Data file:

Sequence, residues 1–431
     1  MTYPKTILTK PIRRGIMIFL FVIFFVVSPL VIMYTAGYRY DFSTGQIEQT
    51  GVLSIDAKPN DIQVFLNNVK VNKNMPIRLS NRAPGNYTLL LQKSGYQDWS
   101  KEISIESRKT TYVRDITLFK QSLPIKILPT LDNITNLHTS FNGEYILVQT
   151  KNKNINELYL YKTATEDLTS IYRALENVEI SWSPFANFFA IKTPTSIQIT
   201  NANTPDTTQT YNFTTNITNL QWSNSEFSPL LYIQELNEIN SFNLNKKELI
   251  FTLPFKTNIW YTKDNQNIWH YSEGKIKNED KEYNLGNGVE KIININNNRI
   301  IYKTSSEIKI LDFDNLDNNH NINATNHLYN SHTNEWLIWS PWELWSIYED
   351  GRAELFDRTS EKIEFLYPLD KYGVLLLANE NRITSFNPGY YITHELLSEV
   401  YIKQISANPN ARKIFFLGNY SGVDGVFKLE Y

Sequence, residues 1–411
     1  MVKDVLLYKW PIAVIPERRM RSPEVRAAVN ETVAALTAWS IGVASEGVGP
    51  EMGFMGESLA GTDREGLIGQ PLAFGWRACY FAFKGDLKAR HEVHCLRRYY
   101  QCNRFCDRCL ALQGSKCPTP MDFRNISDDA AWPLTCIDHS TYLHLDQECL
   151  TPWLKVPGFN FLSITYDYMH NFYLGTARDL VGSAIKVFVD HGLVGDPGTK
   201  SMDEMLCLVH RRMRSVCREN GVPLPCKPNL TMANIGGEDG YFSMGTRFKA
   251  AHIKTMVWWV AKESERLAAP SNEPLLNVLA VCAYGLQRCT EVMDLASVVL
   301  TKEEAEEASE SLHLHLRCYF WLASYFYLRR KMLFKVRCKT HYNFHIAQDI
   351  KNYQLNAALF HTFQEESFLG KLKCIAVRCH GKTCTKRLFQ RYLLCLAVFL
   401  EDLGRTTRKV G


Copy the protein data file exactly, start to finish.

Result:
Sequence, residues 1–431
     1  MTYPKTILTK PIRRGIMIFL FVIFFVVSPL VIMYTAGYRY DFSTGQIEQT
    51  GVLSIDAKPN DIQVFLNNVK VNKNMPIRLS NRAPGNYTLL LQKSGYQDWS
   101  KEISIESRKT TYVRDITLFK QSLPIKILPT LDNITNLHTS FNGEYILVQT
   151  KNKNINELYL YKTATEDLTS IYRALENVEI SWSPFANFFA IKTPTSIQIT
   201  NANTPDTTQT YNFTTNITNL QWSNSEFSPL LYIQELNEIN SFNLNKKELI
   251  FTLPFKTNIW YTKDNQNIWH YSEGKIKNED KEYNLGNGVE KIININNNRI
   301  IYKTSSEIKI LDFDNLDNNH NINATNHLYN SHTNEWLIWS PWELWSIYED
   351  GRAELFDRTS EKIEFLYPLD KYGVLLLANE NRITSFNPGY YITHELLSEV
   401  YIKQISANPN ARKIFFLGNY SGVDGVFKLE Y

Sequence, residues 1–411
     1  MVKDVLLYKW PIAVIPERRM RSPEVRAAVN ETVAALTAWS IGVASEGVGP
    51  EMGFMGESLA GTDREGLIGQ PLAFGWRACY FAFKGDLKAR HEVHCLRRYY
   101  QCNRFCDRCL ALQGSKCPTP MDFRNISDDA AWPLTCIDHS TYLHLDQECL
   151  TPWLKVPGFN FLSITYDYMH NFYLGTARDL VGSAIKVFVD HGLVGDPGTK
   201  SMDEMLCLVH RRMRSVCREN GVPLPCKPNL TMANIGGEDG YFSMGTRFKA
   251  AHIKTMVWWV AKESERLAAP SNEPLLNVLA VCAYGLQRCT EVMDLASVVL
   301  TKEEAEEASE SLHLHLRCYF WLASYFYLRR KMLFKVRCKT HYNFHIAQDI
   351  KNYQLNAALF HTFQEESFLG KLKCIAVRCH GKTCTKRLFQ RYLLCLAVFL
   401  EDLGRTTRKV G